While seeing a shark during a trip to a beach can ruin the mood, finding a rare megalodon shark tooth is a different story.
According to Newsweek, Missy Tracewell and her husband were on Hunting Island in South Carolina when she noticed the tooth poking out of the sand.
It was eventually discovered that the tooth in question came from a prehistoric megalodon shark.
Tracewell Shares Her Discovery
“I pick it up, and I stand up, and I’m so shocked that I have it in my hand … that I dropped it on the sand … I’m screaming, and I’m just like a five-year-old, jumping up and down and I was crying, ‘I cannot believe this. Oh my god I just found a megalodon tooth,'” Tracewell told Newsweek.
A local nonprofit shared her discovery on their Twitter.
Hunting Island is South Carolina’s most popular state park. Friends of Hunting Island help preserve the natural resources of the area.
Tracewell shared the image on her Facebook account where it got a lot of attention.
Many social media users wondered if this was actually from the megalodon or if it was something else entirely.
However, Jack Cooper, a PhD student, told Newsweek that the shape of the tooth was a dead giveaway that it did in fact belong to the megalodon. This shark lived 20 million years ago.
Fascination With ‘The Meg’
According to Live Science, the megalodon was the largest shark to ever swim the oceans. The name of the shark actually means “giant tooth” because its teeth are 3 times larger than the great white shark.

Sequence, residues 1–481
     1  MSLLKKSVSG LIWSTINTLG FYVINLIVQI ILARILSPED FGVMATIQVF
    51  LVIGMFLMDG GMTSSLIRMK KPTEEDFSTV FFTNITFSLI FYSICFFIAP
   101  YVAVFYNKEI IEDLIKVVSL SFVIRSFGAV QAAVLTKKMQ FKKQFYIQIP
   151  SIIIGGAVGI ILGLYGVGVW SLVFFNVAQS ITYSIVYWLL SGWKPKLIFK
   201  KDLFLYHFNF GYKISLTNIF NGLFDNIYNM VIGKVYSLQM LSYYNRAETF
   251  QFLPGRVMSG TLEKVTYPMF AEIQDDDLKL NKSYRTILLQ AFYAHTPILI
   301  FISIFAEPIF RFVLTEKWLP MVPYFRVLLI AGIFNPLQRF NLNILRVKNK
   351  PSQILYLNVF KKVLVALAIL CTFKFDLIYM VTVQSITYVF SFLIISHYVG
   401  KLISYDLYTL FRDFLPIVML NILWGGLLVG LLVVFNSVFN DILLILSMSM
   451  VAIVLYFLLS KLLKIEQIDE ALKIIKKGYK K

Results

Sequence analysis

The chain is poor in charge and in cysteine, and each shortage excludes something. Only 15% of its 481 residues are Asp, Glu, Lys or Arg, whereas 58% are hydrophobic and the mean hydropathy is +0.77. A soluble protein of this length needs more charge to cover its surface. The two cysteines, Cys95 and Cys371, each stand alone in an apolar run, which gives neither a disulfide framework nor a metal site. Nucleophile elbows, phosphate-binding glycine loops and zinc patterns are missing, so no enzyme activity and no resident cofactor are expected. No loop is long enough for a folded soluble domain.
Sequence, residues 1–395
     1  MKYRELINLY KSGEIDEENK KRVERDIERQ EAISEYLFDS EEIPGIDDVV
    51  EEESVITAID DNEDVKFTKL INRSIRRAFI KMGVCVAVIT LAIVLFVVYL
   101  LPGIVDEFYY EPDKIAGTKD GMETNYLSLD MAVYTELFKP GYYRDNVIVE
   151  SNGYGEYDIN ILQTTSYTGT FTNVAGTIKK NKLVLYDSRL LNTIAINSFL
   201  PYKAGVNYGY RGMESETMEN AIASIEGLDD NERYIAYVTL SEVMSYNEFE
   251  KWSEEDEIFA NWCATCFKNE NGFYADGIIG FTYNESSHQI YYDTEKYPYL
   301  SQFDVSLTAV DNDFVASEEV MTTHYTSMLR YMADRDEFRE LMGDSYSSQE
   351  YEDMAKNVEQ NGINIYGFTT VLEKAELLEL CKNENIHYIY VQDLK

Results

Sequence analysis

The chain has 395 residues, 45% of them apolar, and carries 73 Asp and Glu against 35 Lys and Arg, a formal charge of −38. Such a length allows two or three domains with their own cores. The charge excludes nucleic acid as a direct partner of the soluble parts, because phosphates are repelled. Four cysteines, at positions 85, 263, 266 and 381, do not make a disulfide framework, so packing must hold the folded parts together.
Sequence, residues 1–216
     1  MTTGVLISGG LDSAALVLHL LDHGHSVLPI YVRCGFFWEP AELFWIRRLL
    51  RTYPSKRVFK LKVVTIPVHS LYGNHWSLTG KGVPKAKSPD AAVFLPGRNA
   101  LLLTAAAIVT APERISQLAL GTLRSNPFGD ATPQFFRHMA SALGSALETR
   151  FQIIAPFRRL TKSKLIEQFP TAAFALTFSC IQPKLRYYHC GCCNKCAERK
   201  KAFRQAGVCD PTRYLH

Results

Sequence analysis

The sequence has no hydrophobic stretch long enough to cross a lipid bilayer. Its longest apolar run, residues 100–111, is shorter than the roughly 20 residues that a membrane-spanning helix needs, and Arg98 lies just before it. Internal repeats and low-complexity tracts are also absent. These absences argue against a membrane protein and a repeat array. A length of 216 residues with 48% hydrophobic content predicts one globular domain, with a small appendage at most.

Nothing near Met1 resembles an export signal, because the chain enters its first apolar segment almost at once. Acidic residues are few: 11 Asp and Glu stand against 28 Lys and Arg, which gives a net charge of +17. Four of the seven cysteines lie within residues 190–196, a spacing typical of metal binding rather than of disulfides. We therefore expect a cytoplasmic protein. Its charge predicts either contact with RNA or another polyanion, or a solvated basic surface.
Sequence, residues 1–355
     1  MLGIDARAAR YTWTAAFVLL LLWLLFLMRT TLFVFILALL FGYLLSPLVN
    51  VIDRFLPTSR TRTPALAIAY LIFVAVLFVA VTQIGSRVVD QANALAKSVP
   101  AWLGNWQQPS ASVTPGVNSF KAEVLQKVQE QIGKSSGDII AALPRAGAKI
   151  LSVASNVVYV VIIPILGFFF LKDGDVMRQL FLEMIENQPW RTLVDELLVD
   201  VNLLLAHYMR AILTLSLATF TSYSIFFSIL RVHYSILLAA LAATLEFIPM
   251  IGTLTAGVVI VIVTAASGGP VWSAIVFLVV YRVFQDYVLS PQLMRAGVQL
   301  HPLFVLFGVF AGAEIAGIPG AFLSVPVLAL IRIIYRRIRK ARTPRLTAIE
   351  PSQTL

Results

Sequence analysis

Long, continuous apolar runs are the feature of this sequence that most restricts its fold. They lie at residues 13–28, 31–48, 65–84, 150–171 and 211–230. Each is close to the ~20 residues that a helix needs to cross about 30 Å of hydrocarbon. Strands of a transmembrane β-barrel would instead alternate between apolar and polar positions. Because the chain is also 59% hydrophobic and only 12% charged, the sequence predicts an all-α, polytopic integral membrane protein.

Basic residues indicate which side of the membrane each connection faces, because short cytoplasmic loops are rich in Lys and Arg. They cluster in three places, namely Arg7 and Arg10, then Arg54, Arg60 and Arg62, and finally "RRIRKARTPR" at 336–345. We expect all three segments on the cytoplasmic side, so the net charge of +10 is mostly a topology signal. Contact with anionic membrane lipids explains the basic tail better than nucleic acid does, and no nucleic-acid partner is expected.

Not the kind of fish nibble you’d want to feel while dipping your feet in nice, cool beach water.
Luckily for humans the megalodon went extinct long before humans were around to bother them.
The 2018 movie “The Meg” actually features a huge 75-foot-long shark that a group of scientists encounters on the floor of the Pacific Ocean. Like any shark-related film, the plot focuses on how to destroy the huge, human-devouring beast before it snacks on too many humans.
Many collectors also find and sell these teeth for a pretty steep price. One business owner in Dakota County, Minnesota, collects and sells the teeth anywhere from $10 to $50,000.
Gary Goldberger continues to be fascinated by these teeth, similar to beach-goers like Tracewell who stumble on them.
“When you look at some of those teeth that are in the exact shape they were when they were in the shark’s mouth, the pristine nature of them, it’s amazing to think about … That’s what draws me to collecting them,” Goldberg said to Owatonna.com.